Empirical Evidence Against Neoclassical Utility Theory: A Review of the Literature

This paper has now been published: CITE as follows. PREVIOUS VERSIONS have different name: Empirical Evidence Against Utility Maximization. 

Karacuka, Mehmet and Asad Zaman (2012) "The Empirical Evidence Against Neoclassical Utility Theory: A Review of the Literature" International Journal for Plurslism and Economics Education, Vol 3, No. 4, p366-414

Final Published Version downloadable as PDF file from bottom of this page: IJPEE030403.pdf

Download from MY RECENT PUBLICATIONS:

Download from my author page on SSRN": Empirical Evidence Against Utility Maximization"

Science is the archetypal empirical endeavour. The theoretical physicist and all-round entertainer Richard Feynman put it best: “It doesn’t matter how beautiful your theory is, it doesn’t matter how smart you are. If it doesn’t agree with the experiment, it’s wrong.” This has been the founding principle of science since its earliest days. Without the painstaking astronomical observations of Tycho Brahe, a sixteenth-century Danish nobleman, Johannes Kepler would not have determined that the planets move in elliptical orbits and Isaac Newton would not have had the foundations on which to build his law of universal gravitation.

In the late nineteenth and early twentieth century, without the ingenious experiments of Albert Michelson and Edward Morley, in which they demonstrated the constancy of the speed of light and the absence of the putative ether (producing perhaps the most famous negative result of all time), Albert Einstein would have lacked a critical empirical basis for his special theory of relativity.

Related Articles not cited or dropped from final version: Maximization Failures

The Empirical Evidence Against Utility Maximization

 

ABSTRACT

 

Current Economics Textbooks and Economists justify a theory of consumer behavior based on utility maximization on a priori grounds. This methodology follows Lionel Robbins’ idea that economic theory is based on logical deduction from postulates which are “simple and indisputable facts of experience.” Strong evidence has emerged from many different lines of research that these “simple and indisputable facts of experience” are contradicted by human behavior. In this article, we summarize some of main contradictions between predictions of utility theory and actual human behavior. Efforts to resolve these contradictions continue to be made within orthodox frameworks, but it appears likely that a paradigm shift is required.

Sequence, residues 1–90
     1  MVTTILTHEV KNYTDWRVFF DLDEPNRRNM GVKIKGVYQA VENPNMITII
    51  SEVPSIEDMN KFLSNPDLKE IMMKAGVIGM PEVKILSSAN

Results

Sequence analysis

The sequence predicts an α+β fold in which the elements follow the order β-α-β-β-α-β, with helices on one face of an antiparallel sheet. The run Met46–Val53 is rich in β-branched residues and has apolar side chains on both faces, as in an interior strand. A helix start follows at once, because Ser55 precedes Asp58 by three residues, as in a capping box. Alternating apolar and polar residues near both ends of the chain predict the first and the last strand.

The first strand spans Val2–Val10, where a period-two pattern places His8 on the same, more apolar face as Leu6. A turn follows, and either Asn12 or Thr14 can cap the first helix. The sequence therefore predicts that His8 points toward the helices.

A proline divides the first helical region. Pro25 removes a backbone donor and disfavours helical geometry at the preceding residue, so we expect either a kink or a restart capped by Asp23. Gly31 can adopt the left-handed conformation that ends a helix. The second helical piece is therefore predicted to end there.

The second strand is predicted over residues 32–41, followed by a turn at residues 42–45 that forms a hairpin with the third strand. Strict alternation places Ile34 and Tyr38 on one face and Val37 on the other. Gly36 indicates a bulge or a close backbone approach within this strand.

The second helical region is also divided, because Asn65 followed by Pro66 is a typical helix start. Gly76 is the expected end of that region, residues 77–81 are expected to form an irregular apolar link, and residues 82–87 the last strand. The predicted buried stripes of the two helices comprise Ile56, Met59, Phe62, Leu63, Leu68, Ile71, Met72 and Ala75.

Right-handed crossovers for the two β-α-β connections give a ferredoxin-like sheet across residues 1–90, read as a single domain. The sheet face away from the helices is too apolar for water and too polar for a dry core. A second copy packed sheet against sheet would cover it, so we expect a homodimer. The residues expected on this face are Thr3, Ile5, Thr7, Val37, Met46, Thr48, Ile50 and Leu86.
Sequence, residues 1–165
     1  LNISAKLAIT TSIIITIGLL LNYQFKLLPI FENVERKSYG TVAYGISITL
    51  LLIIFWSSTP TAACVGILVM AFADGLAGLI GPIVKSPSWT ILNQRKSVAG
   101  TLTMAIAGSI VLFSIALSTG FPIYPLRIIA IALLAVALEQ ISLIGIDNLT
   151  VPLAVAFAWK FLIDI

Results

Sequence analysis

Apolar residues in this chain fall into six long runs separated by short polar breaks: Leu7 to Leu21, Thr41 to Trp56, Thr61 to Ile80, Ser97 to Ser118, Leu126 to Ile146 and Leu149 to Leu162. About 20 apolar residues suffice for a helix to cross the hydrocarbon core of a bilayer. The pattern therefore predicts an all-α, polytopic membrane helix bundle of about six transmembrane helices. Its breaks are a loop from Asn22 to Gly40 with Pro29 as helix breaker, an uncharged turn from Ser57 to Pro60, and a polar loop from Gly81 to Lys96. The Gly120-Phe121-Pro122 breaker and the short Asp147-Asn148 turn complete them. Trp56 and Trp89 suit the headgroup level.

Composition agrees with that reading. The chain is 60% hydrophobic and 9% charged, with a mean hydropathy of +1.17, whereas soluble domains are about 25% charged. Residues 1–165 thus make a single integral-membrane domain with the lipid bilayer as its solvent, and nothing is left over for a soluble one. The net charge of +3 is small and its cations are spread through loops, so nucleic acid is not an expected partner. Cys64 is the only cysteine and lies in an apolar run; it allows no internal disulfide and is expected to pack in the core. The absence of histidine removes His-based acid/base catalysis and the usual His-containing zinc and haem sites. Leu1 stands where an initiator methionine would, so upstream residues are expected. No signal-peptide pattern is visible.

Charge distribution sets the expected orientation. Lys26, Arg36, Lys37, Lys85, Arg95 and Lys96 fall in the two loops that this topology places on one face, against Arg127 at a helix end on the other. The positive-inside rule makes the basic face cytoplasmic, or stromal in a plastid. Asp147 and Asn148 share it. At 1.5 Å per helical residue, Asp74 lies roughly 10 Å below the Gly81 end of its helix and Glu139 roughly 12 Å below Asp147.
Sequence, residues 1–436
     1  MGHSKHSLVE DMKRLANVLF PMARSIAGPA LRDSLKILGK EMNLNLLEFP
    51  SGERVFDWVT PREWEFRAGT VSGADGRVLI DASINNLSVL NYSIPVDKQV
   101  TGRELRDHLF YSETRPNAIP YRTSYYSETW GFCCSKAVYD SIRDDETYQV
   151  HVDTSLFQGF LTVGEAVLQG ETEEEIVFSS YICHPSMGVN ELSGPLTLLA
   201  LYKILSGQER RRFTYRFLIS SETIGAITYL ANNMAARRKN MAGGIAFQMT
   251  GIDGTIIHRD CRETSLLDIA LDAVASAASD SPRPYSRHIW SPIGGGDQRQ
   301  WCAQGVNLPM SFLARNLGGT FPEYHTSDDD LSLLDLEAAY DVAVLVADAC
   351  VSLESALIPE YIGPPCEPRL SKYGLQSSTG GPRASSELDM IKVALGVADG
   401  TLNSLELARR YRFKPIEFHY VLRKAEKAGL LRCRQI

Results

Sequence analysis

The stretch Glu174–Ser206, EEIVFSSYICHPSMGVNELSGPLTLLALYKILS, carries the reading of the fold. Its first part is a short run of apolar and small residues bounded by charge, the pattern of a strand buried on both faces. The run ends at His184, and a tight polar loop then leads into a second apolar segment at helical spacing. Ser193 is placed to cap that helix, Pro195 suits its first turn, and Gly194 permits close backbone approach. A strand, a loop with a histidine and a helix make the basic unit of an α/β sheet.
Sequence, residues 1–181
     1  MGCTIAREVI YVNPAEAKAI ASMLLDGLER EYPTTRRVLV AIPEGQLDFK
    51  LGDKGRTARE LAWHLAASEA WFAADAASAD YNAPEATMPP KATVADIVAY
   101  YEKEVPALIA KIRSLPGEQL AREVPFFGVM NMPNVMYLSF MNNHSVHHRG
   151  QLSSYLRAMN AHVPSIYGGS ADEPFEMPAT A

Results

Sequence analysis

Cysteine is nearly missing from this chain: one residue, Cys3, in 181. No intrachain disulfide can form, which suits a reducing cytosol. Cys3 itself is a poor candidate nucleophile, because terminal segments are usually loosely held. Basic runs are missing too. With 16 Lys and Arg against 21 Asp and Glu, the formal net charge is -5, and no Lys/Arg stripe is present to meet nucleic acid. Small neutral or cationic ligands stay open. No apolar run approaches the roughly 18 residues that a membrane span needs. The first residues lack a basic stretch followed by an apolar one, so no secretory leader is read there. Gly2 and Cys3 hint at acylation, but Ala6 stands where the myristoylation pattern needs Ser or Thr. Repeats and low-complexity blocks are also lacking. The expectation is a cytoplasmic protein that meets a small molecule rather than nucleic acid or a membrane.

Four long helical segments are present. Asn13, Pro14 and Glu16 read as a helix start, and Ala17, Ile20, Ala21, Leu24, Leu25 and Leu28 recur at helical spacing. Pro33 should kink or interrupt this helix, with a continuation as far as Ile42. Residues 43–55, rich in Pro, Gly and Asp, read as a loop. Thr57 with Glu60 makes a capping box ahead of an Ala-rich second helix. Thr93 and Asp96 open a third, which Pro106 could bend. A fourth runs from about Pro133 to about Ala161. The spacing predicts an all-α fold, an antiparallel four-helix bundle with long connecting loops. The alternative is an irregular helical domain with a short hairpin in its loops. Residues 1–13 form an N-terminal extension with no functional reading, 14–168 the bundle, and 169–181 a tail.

Funny Comic which illustrates an important theme of the paper. 

REFERENCES for the Paper

 

Some BOOKS:

 1.         Colin Camerer: Behavioral Game Theory  - Evidence from Ultimatum Game (Dictator Game) and Prisoners Dilemma shows widespread violations of selfish maximizations

2.         Richard Thaler: Quasi Rational Economics: Mental Accounting models show how consumers allocate income into different types and therefore do not maximize as per economic theory models.

3.         Much Material in: Blackwell Handbook of Judgement and Decision Making

4.         Tastes are not exogenous, but are strongly influenced by socialization and advertising. Predictably Irrational by D. Ariely has very useful material on this topic.

5.      Gigerenzer and Todd (2000) Simple Heuristics that Make Us Smart [download link from http://library.nu -- first register]

6.       Gary Klein (2009) Streetlight and Shadows: Searching for the Keys to Adaptive Decision Making. 

5.         Dan Ariely, G. Loewenstein, Drazen Prelec: "Coherent Arbitrariness: Stable Demand Curves without Stble Preferences." QJE Feb 2003. Preferences are formed in course of decision making -- that is choices determine preferences rather than other way around. Subsequent choices are made consistent with initial ones which creates an illusion of existence of preferences and stability -- "the results imply that demand curves estimated from market data need not reveal true consumer preferences." 

6.         Frederic Lee "The Incoherent Emperor: A Heterodox Critique of Neoclassical Microeconomic Theory". View Download (history1.pdf)


Batson, C Daniel (1992), “Experimental Tests for the Existence of Altruism,”  PSA: Proceedings of the Biennial Meeting of the Philosophy of Science Association, Vol. 1992, Volume Two: Symposia and Invited Papers (1992), pp. 69-78 




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